What is the amygdala?

The amygdala is often referred to as the fear center of the brain, but this description hardly does justice to the amygdala’s complexity. Located deep in the brain’s left and right temporal lobes, our two amygdalae are important for numerous aspects of thought, emotion and behavior, and are implicated in a variety of neurological and psychiatric conditions.

The brain’s two almond-shaped amygdalae are typically no bigger than a couple cubic centimeters in adults and are found near the center of the brain. Although the two halves of the amygdala work together, there also appear to be some aspects of amygdala function that predominate on each side.

The amygdala and emotions

It’s true that the amygdala is involved in fear, particularly fear conditioning — the process by which we and many other animals learn to associate a negative stimulus, such as an electric shock, with another factor according to an article in the journal Molecular Psychiatry. Additionally, amygdala activity is deeply connected to the emotional response to pain.

But the amygdala is also involved in the experience of other emotions — including positive emotions such as those triggered by reward, according to Anna Beyeler, a neuroscientist at the Neurocentre Magendie in Bordeaux, France. Beyeler studies this process at a microscopic level and has shown that different types of stimuli cause varying responses in different neurons of the amygdala in mice. For example, she’s found that when the mice are given something sweet, their amygdala sends signals to the part of the brain that’s involved in reward.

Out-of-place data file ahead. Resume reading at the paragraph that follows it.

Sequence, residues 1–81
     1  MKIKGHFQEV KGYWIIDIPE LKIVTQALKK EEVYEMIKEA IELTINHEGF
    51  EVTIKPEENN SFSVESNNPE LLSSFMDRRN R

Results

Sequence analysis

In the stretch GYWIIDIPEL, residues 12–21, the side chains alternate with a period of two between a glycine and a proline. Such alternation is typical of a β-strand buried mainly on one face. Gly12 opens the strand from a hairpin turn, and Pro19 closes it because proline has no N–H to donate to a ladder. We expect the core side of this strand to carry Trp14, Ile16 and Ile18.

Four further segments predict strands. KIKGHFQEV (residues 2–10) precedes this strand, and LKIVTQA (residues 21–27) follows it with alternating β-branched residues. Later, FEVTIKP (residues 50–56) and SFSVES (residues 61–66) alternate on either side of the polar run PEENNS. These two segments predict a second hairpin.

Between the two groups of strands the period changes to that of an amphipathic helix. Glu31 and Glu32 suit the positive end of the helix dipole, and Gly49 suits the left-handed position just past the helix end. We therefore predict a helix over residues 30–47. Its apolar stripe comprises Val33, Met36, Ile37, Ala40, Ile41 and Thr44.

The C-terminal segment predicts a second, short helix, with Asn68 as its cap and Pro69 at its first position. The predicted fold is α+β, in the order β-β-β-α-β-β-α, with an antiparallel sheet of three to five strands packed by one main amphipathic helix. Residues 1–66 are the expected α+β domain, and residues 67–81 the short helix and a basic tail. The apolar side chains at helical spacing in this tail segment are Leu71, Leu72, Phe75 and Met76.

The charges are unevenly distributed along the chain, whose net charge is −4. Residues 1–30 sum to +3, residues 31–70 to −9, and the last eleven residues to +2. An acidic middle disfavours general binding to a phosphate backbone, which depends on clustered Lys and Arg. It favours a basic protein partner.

The amygdala also plays a role in behavior, with aggression being one notable example. In extreme circumstances, a procedure in which part or all of the amygdala is removed or destroyed (called an amygdalotomy) is performed (with consent) on people with severe, frequent and uncontrollable outbursts of aggression that put themselves or others at risk, as described in a 2008 review published in the Journal of Neurosurgery. Following the procedure, many patients experience a reduction in, or even resolution of, the aggressive behaviors. But other patients relapse or do not benefit at all, which suggests that the amygdala is not the only mediator of aggression. Amygdalotomy has also been associated with impairment in the ability to remember faces and interpret facial expressions despite not causing a reduction in overall intelligence.

The amygdala sits close to the center of the brain. (Image credit: Shutterstock)

These results and other research on people with damage to or complete destruction of the amygdala further highlight the many functions of this brain region.

Urbach–Wiethe disease is an exceptionally rare genetic condition in which the amygdala is often severely damaged. One patient with the disease experienced complete destruction of the left and right amygdala. The patient, called S.M., or SM-046, exhibited almost no fear, consistent with the stereotypical role attributed to the amygdala, but also exhibited little natural sense of personal space, according to a study in the journal Nature. Compared to people with functioning amygdalae, the subject also had difficulty remembering facts presented in emotional stories, according to research published in the journal Learning & Memory.